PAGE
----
Masked by an enormous pair of motor goggles and further shielded from recognition by a cap drawn down almost over his nose, Thomas Dean in a basket-rigged motorcycle impatiently sat awaiting the arrival of Jane Strong at a corner they had agreed upon the evening before. He had been particularly insistent that Jane should be on hand at a quarter before eight. He had learned by judicious inquiries that always on Wednesdays--at least on the Wednesdays previous--the Hoffs had started off on their mysterious trips at eight sharp. His intention was to get away ahead of them and pick them up somewhere outside the city limits.
Jane had promised that she would be on hand promptly. Once more he looked impatiently at his watch. It lacked just half a minute of the quarter, but there was no sign of his fellow operative. The only person visible in the block was a boy strolling carelessly in his direction.
With a muttered exclamation of annoyance Dean restored his watch to his pocket, debating with himself how long he ought to wait and whether or not he had better wait if she did not appear soon. Very possibly, he realized, something entirely unforeseen might have detained her or have prevented her coming. Perhaps her family had doubted her story that she was going off on an all-day motor trip with a friend? Maybe their suspicions had been aroused by his having reported sick? He had almost decided to go on alone when he observed that the boy he had seen approaching was standing beside the motorcycle.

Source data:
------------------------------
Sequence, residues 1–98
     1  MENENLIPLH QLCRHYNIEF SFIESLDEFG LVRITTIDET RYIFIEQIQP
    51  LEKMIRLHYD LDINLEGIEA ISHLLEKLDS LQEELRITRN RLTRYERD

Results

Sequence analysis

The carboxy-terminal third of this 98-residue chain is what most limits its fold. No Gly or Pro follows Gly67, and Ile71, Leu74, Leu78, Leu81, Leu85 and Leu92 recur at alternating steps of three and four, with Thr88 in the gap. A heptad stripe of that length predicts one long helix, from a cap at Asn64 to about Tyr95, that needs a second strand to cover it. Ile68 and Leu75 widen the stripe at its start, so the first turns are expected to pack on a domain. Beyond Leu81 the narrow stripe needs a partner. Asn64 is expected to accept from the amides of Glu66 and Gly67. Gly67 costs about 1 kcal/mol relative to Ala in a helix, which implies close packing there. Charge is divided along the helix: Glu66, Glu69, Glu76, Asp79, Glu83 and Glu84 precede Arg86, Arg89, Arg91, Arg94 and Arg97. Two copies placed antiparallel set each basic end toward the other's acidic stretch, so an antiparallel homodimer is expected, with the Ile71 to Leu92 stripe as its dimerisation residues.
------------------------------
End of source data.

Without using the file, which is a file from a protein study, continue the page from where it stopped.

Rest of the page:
"Good morning, Thomas," said the boy, a little doubtfully, as if not quite sure that it was he.
Dean gasped in astonishment. The boy's voice was the voice of Jane.
Laughing merrily at his amazement and discomfiture, she climbed into the seat beside him, asking: "How do you like my disguise?"
"It's great," he cried. "You fooled me completely, and I was expecting you."
"When Chief Fleck said I ought to disguise myself for fear that the Hoffs already suspected me, I happened to remember these clothes. I had them once for a play we gave in school."
"But you don't even walk like a girl."
Jane laughed again.
"I practised that walk for days and days. When I first put on this suit my brother hooted at the way I walked. He said no girl ever could learn to walk like a boy. I made up my mind I'd show him."
"But your hair," protested Dean, almost anxiously. Even if he was just now assuming the humble role of chauffeur he still was an ardent admirer of such hair as Jane's, long, black and luxurious.